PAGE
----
|Anterior Hip Replacement
Total Joint Replacement
Arthroscopic Rotator Cuff Repairs
ANTERIOR HIP REPLACEMENT
The Anterior Approach to hip replacement surgery allows the surgeon to reach the hip joint from the front of the hip as opposed to the lateral (side) or the posterior (back) approach. This way, the hip can be replaced without detachment of muscle from the pelvis or femur during surgery. The surgeon can simply work through the natural interval between the muscles. The most important muscles for hip function, the gluteal muscles that attach to the pelvis and femur, are left undisturbed and, therefore, do not require a healing process to recover from surgical trauma.
In 1996, Joel M. Matta, M.D., the John C. Wilson, Jr., Chair of Orthopedic Surgery at Good Samaritan Hospital in Los Angeles brought Anterior Hip Replacement to the United States. Dr. Matta has advanced the technique even further by co-designing a special, state-of-the-art surgical table with OSI and improving many surgical protocols for the hip replacement procedure. Having performed over 600 Anterior Hip Replacements himself since 1996, Dr. Matta has also been instrumental in the training of many orthopedic surgeons in this important minimally invasive approach. Dr. Matta's views on this technique can be found at: www.hipandpelvis.com.
More about Anterior Hip Replacement: www.NewHipNews.com
More about hip replacement: www.HipReplacement.com
Arthroscopy is defined as the examination of the interior of a joint using an endoscope that is inserted into the joint through a small incision and is also called arthroendoscopy. This also involves treatment of upper and lower extremity injuries including arthroscopy of the knee, ankle, shoulder, elbow, and carpal tunnel. Injuries of these areas include: ACL and meniscal injuries, rotator cuff disorders, carpal tunnel syndrome, joint replacement and cartilage grafting.
More about Arthroscopy: www.arthroscopy.com
TOTAL JOINT REPLACEMENT
During total joint replacement, an arthritic or damaged joint is removed and replaced with an artificial joint called a prosthesis. The goal is to relieve the pain in the joint caused by the damage done to the cartilage. For example, in an arthritic knee the damaged ends of the bones and cartilage are replaced with metal and plastic surfaces that are shaped to restore knee movement and function. In an arthritic hip, the damaged ball (the upper end of the femur) is replaced by a metal ball attached to a metal stem fitted into the femur, and a plastic socket is implanted into the pelvis, replacing the damaged socket. Although hip and knee replacements are the most common, joint replacement can be performed on other joints, including the ankle, foot, shoulder, elbow and fingers.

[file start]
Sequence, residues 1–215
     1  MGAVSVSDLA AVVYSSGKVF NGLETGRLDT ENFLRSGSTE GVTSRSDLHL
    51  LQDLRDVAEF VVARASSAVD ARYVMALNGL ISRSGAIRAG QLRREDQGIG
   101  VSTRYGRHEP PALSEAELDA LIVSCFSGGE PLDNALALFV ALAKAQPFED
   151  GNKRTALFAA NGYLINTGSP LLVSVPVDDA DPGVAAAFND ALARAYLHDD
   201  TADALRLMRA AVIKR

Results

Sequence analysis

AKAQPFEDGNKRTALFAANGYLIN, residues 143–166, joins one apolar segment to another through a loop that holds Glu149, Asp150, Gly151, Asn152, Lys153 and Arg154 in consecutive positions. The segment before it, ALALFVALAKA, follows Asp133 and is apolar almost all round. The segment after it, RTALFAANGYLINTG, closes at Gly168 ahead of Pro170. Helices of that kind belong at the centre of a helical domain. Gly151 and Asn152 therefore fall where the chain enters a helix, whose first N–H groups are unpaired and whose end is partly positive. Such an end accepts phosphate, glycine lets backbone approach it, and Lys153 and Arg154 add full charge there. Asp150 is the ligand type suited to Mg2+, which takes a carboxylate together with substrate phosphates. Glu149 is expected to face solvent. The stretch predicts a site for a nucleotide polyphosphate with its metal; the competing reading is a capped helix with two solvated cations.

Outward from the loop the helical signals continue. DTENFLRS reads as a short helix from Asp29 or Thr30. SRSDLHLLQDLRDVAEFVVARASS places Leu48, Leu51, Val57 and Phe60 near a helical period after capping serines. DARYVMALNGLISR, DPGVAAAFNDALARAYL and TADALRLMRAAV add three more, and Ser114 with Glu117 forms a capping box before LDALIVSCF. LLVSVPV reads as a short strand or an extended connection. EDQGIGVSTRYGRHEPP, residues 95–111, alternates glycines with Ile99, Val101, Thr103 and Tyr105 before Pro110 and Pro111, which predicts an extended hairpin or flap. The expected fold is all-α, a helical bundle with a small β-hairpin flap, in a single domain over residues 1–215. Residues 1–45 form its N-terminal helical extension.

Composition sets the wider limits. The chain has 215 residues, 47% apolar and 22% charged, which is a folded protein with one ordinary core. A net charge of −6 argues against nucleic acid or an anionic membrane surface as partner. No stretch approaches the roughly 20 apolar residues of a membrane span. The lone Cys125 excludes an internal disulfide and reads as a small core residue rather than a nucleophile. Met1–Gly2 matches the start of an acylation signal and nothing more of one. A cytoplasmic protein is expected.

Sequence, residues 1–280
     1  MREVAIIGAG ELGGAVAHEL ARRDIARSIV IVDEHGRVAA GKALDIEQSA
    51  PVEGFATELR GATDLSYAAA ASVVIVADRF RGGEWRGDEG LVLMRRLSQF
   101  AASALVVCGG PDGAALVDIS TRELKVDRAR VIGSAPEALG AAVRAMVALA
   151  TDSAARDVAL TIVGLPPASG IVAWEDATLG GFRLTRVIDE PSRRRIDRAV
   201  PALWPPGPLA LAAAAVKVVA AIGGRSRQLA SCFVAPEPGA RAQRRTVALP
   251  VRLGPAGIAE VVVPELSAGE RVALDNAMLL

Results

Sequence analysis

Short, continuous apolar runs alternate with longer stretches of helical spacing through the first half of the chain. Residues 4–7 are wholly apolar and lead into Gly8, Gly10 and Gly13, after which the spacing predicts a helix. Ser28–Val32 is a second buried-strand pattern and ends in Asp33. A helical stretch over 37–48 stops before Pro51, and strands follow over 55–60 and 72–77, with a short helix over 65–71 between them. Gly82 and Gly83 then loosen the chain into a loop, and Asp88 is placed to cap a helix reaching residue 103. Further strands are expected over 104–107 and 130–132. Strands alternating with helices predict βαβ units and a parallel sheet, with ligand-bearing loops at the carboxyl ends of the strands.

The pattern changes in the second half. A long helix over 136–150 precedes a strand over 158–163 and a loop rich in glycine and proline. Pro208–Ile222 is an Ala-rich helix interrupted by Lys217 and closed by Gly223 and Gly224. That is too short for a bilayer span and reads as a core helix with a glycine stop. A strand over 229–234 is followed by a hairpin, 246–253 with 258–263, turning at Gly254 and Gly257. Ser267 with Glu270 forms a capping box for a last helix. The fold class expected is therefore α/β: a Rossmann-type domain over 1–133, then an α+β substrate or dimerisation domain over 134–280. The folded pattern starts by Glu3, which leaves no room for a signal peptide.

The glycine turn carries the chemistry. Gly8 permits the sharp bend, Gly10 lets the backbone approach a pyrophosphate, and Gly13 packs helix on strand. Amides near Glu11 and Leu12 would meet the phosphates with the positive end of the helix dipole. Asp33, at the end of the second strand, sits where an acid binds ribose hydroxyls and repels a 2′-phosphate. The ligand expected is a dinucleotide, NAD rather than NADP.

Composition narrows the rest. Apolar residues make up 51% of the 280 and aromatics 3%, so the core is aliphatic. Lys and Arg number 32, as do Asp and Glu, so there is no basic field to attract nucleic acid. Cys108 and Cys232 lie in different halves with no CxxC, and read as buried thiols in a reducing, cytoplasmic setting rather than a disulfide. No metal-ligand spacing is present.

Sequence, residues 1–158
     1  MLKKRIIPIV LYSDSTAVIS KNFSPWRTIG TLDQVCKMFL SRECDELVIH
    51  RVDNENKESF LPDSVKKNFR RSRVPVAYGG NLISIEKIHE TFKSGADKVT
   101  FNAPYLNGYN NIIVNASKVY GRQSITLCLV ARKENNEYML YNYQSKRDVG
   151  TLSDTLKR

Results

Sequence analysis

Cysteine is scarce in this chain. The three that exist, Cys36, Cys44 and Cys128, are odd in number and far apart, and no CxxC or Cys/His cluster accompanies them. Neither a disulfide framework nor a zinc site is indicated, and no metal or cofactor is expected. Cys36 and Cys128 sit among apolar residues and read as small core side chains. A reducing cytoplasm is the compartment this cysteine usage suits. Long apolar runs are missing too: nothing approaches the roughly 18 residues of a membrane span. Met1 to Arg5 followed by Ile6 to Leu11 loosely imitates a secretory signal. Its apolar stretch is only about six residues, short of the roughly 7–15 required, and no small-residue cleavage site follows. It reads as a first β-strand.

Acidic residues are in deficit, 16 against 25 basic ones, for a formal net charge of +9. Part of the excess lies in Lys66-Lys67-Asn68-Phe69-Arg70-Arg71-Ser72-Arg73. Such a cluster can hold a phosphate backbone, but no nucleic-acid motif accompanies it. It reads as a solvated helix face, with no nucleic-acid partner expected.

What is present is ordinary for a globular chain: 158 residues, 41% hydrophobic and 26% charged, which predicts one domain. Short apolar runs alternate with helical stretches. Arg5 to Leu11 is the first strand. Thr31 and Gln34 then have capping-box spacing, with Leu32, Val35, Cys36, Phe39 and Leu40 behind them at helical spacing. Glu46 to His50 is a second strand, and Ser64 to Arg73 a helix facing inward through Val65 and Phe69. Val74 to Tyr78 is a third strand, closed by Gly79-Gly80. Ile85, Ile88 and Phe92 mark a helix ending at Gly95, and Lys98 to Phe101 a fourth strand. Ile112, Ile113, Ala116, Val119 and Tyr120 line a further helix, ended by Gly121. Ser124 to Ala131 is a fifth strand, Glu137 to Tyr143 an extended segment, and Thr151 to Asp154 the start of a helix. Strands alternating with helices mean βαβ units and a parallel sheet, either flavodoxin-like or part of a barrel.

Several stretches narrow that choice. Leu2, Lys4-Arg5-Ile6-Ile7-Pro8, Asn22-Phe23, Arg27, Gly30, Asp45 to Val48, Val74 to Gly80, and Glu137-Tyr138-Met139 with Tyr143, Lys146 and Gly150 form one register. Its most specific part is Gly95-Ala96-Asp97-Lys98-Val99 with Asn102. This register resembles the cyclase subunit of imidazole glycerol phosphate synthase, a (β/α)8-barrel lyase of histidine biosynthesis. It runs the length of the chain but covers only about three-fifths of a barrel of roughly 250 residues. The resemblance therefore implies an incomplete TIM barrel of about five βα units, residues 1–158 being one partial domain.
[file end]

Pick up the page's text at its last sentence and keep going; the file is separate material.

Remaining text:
The materials used in a total joint replacement are designed to enable the joint to move just like your normal joint. The prosthesis is generally composed of two parts: a metal piece that fits closely into a matching sturdy plastic piece. Several metals are used, including stainless steel, alloys of cobalt and chrome, and titanium. The plastic material is durable and wear resistant (polyethylene). A plastic bone cement may be used to anchor the prosthesis into the bone. Joint replacements also can be implanted without cement when the prosthesis and the bone are designed to fit and lock together directly.
More about total joint replacement: www.aaos.org and www.jointreplacement.com
Sports medicine is the branch of medicine that deals with injuries or illnesses resulting from participation in sports and athletic activities, including injury prevention and diagnosis. This includes surgical and nonsurgical treatment for sports injuries, arthroscopic diagnosis and treatment, knee ligament injuries, meniscal tears and shoulder rotator cuff and instability.
More about sports medicine: www.aossm.org
ARTHROSCOPIC ROTATOR CUFF REPAIRS
The incidence of rotator cuff damage increases with age and is most frequently due to degeneration of the tendon, rather than injury from sports or trauma. Arthroscopic repair uses multiple small incisions (portals) and arthroscopic technology to visualize and repair the rotator cuff, rather than the more invasive, traditional open repair. This less invasive surgery benefits patients by decreasing pain from surgery, decreasing post-operative stiffness, decreasing operative blood loss and decreasing length of hospital stay.
More about arthroscopic rotator cuff repairs: www.orthoinfo.aaos.org and www.globalshoulder.com
When the knee is unable to effectively cushion the body from impact and stress, it may become necessary to replace the knee. The surgeon reshapes the femor, the tibia and the patella, also known as the thigh bone, the shin bone and the knee cap, and fits them with metal and plastic components. This enables the knee to operate as smoothly as it ever did, and minimally invasive knee replacement reduces pain from surgery and rehabilitation time.
More about knee replacement: www.kneereplacement.com
Lester F Littell, lll, MD
Orthpaedics, Sports and Joints
1340 us Highway 231
Troy, Al. 36081